16 comments:

  1. Isnt Musokotwane just expressing the wishes or rather the 'thinking' of the 'Presidency'?. I do not think that the Zambian polity is sophiscated enough to allow independent decision making by members of the cabinet with regard to their own portfolios. Look at how these same Ministers 'believed' and sung from the same hymn that liberalising the International Gateway will 'endanger the country's security'. Exist Mwanawasa and enter RB and the lyrics were changed. 'Security' was no longer an issue; and liberalise the IG they did!
    It is the same with Mining Taxes. Under Mwanawasa the whole choir came to the understanding that Mining companies werent paying enough taxes commensurate with the size of the mining sectors contribution to GDP(an IMF official recently pointed out that the sector contributes only 1% to the national budget!). They convieniently have all changed the song now!

    Musokotwane as ex-Treasury Secretary and Economic advisor to late Mwanawasa was one of the officials who drew up the aborted tax regime. I am of the view that he knows the calls from a section of Zambians are not 'unreasonable' because Zambians are just demanding what he had initially proposed!. He is just a 'spineless' soul like many educated Zambians who have been reduced to cadreism for the sake of their political careers. Musokotwane has no courage to go against RB's 'wishes' no matter how misguided they are! Zambia, it seems, is not a country in which professional opinions are allowed! Hopefully one day Zambia will attain a critical mass of a professional cadre with both the spine and conscience to call a spade as such!

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  2. I share your frustration about this subject. Somehow the Minister of Finance – Hon Musokotwane has refused to embrace facts. It is unfortunate. Imagine if we fail to persuade a man of his caliber, what it is to pump sense into ordinary MPs?

    Remember the discussion we had about ‘international agreements, rule of law and good governance’? Everything we said then still apply.

    Our governors and elites in Lusaka are obviously grossly miscalculating the factors which can scare investors from coming. They’re still using a strategy Levy Mwanawasa used when we were really desperate for mining investments after Anglo-American and others pulled out suddenly. Even at that time Levy did not know that metal prices would skyrocket. If he did, I am sure he wouldn’t have committed himself to “give away” concessions. To make sure that this ‘bonanza’ continues – I am sure the investors keep on singing in the ears of our leaders that – they would pull out should they tamper with agreements in their favour. That Musokotwane keeps on agreeing with them, is what is scary.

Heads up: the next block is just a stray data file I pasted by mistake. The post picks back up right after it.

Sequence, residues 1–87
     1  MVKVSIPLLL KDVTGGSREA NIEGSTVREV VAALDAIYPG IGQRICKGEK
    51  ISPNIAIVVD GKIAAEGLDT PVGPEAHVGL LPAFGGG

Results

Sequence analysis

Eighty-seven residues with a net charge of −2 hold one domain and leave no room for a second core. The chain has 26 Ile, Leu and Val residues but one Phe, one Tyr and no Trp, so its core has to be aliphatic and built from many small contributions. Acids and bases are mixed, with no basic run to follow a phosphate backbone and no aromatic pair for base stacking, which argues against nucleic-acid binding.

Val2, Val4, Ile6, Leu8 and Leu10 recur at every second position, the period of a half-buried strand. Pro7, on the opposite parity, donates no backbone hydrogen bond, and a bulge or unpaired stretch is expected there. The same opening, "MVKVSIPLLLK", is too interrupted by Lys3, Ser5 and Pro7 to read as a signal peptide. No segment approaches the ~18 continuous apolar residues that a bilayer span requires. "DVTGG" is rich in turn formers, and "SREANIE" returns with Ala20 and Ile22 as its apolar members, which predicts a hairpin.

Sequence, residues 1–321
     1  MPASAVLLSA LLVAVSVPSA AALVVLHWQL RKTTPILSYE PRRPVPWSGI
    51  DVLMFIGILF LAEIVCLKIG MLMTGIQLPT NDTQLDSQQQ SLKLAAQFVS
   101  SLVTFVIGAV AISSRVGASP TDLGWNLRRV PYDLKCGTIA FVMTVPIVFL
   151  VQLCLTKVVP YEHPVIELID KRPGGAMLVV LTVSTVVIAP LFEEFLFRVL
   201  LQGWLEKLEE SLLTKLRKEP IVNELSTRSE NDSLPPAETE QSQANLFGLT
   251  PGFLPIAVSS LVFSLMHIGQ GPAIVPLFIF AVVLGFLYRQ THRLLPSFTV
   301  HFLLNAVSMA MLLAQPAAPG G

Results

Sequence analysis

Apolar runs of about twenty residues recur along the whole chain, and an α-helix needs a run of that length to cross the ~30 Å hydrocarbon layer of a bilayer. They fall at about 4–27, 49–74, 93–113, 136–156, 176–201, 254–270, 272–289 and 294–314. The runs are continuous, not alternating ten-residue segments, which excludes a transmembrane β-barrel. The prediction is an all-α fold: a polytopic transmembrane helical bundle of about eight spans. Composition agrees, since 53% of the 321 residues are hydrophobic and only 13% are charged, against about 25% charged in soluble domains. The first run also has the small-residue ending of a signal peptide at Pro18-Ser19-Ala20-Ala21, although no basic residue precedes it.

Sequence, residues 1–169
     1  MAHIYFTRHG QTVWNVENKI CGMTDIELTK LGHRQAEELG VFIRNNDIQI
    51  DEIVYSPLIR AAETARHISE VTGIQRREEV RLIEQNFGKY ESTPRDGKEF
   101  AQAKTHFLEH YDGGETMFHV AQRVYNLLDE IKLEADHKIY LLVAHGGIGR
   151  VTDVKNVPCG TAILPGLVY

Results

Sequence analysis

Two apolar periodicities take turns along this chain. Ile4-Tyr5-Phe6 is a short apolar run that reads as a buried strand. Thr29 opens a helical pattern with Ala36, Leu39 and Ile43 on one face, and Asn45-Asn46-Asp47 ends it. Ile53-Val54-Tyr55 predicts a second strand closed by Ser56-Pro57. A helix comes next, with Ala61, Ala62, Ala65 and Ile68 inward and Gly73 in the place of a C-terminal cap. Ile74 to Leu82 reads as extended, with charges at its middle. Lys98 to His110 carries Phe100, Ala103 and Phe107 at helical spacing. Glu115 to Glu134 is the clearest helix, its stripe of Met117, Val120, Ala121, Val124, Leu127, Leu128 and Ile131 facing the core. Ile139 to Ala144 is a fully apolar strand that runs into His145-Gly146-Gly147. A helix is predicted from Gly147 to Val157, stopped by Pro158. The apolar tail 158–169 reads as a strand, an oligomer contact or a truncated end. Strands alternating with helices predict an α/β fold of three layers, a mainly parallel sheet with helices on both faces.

(cont....)

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  3. From the facts laid bare on global mining taxation, surely IF the same investors can pay those higher rates in other countries, what sense does it make to say that they can’t pay them in Zambia? Copper is copper everywhere be it from Chile, Peru, Russia, DRC or Zambia. They (investors) must be too happy to exploit our fear, carelessness and ignorance.

    Perhaps it is more of our ignorance rather than cowardice. The lazy-laded Zambians, who refuse to grasp what is at stake, is the biggest problem. There are not enough people to understand what is going on. We are shallow minded who just skim things on top without going deeper to see how we can be impacted. When you have an ill-informed citizenry, youth included, democracy suffers. For there is no way you can hold government accountable. Consequently Ministers get away with half-truths.

    Our media especially the independent ones like The Post – have not succeeded in raising sufficient awareness so that when government tries to mislead people they can jump in to demand the true picture. Media or somebody must try and explain some of these facts in understandable, simple language. How many MPs understand that TAXES are directly related to poverty reduction? Now that Dr Mphande is out of government, all of a sudden things are making sense. Why can’t these people listen when they are in government? Mphande and Musokotwane do not understand each other, yet each one thinks that he is talking on behalf of Zambians. Why can’t FACTS rule?